1-2-1-1 zone press

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In basketball, the 1-2-1-1 zone press pressures the in-bounds passer, and attempts to trap the first pass receiver.


One fist vs two fist option[edit]

One can call either "one fist" or "two fist" options from the bench to change their strategy a little, and confuse the opponent.[1]

With one-fist and two-fist, always try to deny a center in-bounds pass... force (allow) the pass to the corner. The top of the press overplays the inbounder toward the middle to help deny the center pass. To trap the offensive player in the corner, or along the sideline, the first defender moves over quickly to stop the ball and seals off the sideline so the offensive player cannot dribble up the sideline. The other defenders must play in the gaps between the passing lanes, and try to deny or intercept the pass.

One fist-the defenders will immediately trap the first pass.

Two fist-the defenders wait until the first pass receiver puts the ball on the floor and starts the dribble, and then quickly close in and trap. In this situation, a player is waiting for the pass receiver to first commit with the dribble. Once the trap is set, he/she has lost the option to dribble.

Adjustment, changing to a 1-2-2 zone press. The 1-2-1-1 diamond press is vulnerable up the sidelines. If the opponent is beating a team's press up the sidelines, then the team can adjust the defense to a 1-2-2 zone press. The back two defenders stop the sideline passing and dribble penetration.

This press is a gamble and makes a player more susceptible to getting beat long for a lay-up.

Basic Principles for any press[edit]

1. Always have one player back in prevent mode to prevent the easy lay-up.
2. A player should sprint back to the paint when they are beaten.
3. When trapping, or trying to stop the dribbler, do not reach in. Players must move their feet to get into position and deny the sideline. The referee is watching closely for a reach-in foul. Back-court fouls are usually "stupid" fouls, created when the opponent was not in position to score. It is especially "stupid" if the opponent is in the two-shot bonus, or if it is committed with only seconds remaining in a period.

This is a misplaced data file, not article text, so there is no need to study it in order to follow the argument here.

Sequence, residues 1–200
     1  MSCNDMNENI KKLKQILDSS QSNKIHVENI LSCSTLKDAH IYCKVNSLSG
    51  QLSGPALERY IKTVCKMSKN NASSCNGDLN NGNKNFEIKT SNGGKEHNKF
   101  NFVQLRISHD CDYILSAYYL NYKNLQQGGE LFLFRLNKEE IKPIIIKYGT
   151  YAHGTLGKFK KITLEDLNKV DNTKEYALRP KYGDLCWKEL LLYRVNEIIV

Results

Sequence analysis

4. Trapping In trapping, one defender should first stop the dribbler. This is done often along the sideline or baseline, or in one of the "trapping zones". Trapping zones are areas where the offensive player definitely does not want to get caught losing the dribble. Once the ball is stopped, the second defender sprints over and double-teams the ball. They cut off the ball-handler's view, and get into the passing lane. The position of their hands should be at the same height as the ball. If the offensive player holds the ball high to "throw over the top", the hands should be high. If the ball is low, the hands should be low to prevent the bounce pass. Players are discouraged from reaching in. Instead, the defenders should deny the offensive player from getting the pass off and get a 5-second call, try to tip the pass, or force her in to making a bad pass, which is intercepted by the defenders.
5. Gapping (zone press). The other defenders who are not actively trapping try to get into the gaps between the ball-handler and his teammates. They play the passing lanes and deny and intercept passes from the trapped player.
6. If the opponent is successful in running a fast-break, the "prevent" guard may have a 2-on-1, or 3-on-1 situation, being the only defender back. In this situation, the "prevent" defender should be taught to first prevent a lay-up. If the opponent chooses to shoot the outside jumper, give it to them, as it is a lower percentage shot than the lay-up, the player will avoid getting a foul, and may get a rebound, or delay the offense long enough for teammates to arrive on defense. Again, the defender must stay back and "gap" the offensive players, that is, to try to straddle and cut off the passing lanes to the lay-up.[1]

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